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In this series, David Blatner and Anne-Marie Concepción, co-hosts of the web's top resource for InDesign tips and tricks, InDesignSecrets.com, share some hidden and sometimes surprising workflow tips that will make working in InDesign more efficient and more fun. The course covers built-in timesaving features such as Quick Apply and auto-expanding text, but also little-known tricks, such as using the eyedropper to copy and paste character and paragraph text attributes and making accurate selections by selecting through or even into objects.
New techniques will be added to the collection every other week, so check back early and often. Find more tips and tricks at indesignsecrets.com.
Metadata means data about your data, information about your images and documents. And you can assign metadata to images in Illustrator, Photoshop, and Bridge, but you may not realize that you can add metadata to your InDesign files, too. You add metadata in the same way you would do it in Illustrator or Photoshop. You go to the File menu > File Info. This metadata is saved inside your InDesign document, so that if you save the document and send it off to somebody else, they can read it there, or, more importantly, if you export a PDF or an EPUB file, this metadata can go out with that file too.
That's important because if you're going to be making a PDF file and putting it on a web site, you want it to be searchable by Google and other search engines. And they will look for this metadata. So I'm going to go in here and type my title, and I'm going to say this was by Nigel French who designed this beautiful thing. And you can say this is a beautiful flyer. I'm even going to add a copyright notice here. And notice that as you're typing it remembers what you've typed in the past and it pops up there. Som you can just select that and it will fill it in for you.
I'm also going to add some keywords. Keywords are very important. Academy, I've used all of these in the past, I'm also going to say this is for an art show. And click OK. Now all of this data goes into the InDesign file as I mentioned but only when I save it. Cmd+S or Ctrl+S will save that file. Now I'll go ahead and close that document, and I'm going to place it inside this brochure file. I'll just choose File > Place, grab the InDesign file and click Open. It loads it up in the place cursor and then I can drag it out into a new frame on my document page.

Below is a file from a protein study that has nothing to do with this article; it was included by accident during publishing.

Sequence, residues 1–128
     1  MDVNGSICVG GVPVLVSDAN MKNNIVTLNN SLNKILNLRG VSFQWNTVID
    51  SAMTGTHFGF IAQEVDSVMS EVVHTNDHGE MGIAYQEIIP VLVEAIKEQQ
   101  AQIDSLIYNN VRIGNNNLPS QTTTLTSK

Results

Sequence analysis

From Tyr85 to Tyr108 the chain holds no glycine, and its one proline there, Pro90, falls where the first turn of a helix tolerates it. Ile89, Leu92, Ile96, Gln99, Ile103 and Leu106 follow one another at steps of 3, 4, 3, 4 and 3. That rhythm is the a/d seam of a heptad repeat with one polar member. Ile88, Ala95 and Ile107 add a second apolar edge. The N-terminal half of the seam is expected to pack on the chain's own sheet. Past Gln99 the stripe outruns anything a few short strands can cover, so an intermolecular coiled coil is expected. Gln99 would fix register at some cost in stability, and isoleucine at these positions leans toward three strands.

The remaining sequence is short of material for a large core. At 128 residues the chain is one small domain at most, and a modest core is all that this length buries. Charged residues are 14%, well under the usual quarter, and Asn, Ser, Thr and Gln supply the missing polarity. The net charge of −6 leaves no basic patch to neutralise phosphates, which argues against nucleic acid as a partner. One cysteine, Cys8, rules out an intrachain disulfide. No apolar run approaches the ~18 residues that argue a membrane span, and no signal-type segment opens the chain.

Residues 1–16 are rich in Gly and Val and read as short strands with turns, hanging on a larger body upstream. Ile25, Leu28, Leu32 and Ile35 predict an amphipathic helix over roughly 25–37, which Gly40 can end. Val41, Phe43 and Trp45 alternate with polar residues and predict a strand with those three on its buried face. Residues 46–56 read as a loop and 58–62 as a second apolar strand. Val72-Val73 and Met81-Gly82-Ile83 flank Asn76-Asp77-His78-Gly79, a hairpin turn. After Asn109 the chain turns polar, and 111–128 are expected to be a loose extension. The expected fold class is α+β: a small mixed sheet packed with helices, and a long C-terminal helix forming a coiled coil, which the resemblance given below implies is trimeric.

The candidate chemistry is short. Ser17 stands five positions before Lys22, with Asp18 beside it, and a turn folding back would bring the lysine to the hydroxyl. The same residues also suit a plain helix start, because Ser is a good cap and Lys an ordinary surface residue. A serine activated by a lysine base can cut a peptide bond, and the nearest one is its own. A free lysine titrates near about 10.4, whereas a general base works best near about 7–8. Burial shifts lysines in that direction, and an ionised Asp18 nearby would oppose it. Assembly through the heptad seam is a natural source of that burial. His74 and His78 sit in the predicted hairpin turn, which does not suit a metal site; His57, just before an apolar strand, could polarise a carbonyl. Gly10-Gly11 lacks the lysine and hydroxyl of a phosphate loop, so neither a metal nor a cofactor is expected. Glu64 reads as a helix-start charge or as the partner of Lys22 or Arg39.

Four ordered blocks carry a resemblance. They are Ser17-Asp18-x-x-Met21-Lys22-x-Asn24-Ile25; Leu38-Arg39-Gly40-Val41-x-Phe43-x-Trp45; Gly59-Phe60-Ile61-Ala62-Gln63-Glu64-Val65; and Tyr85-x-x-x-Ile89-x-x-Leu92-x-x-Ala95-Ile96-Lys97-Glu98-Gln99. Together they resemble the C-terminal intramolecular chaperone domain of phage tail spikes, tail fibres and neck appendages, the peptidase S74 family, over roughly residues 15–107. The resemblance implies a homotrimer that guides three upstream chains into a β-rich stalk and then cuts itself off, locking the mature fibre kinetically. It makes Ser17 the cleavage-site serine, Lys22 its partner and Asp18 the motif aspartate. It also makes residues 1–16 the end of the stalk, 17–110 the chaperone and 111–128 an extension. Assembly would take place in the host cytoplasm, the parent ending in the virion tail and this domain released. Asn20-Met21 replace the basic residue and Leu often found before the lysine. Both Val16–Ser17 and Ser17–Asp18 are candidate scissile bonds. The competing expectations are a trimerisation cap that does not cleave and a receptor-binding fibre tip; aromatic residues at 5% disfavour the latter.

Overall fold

Looks great. But the coolest thing about that metadata is I can actually access it even when I've placed the InDesign file into another InDesign file. And you do that by going to the links panel, choosing that InDesign file. And then going to the flyout menu and choosing Utilities > XMP File Info. Whenever you see XMP, you know it means metadata. There it is, there's all the data that I typed in. I can't go in and edit this, unfortunately. I would have to open up the original document and edit it with file info.
What I can do is select the text inside of here and then copy it to the clipboard. But there's an easier way. I can make a live caption. I'll do that by going to Object > Captions > Caption Setup. And I'll make sure that Description is set up in the Metadata pop-up menu here. That means it's going to go into the metadata of the selected image and grab the description, and pull it out as a caption. Click OK, and then say Object > Captions > Generate Live Caption, and it goes in, grabs a description, and makes a caption out of it.
Unfortunately, if I zoom in here, you'll see that it didn't quite work. That's because this text frame doesn't know which image it's supposed to be talking to, which one it's supposed to be grabbing the XMP data out of. So, to fix that, I'm going to select that, and the image itself, and group them. When I do that, now it knows that caption is relating to this image. It gets the metadata, and it puts it into the text frame. Metadata is like putting a luggage tag on your suitcase before you check it at the airport. You don't have to add this additional information to your files, but they are benefits if you do.
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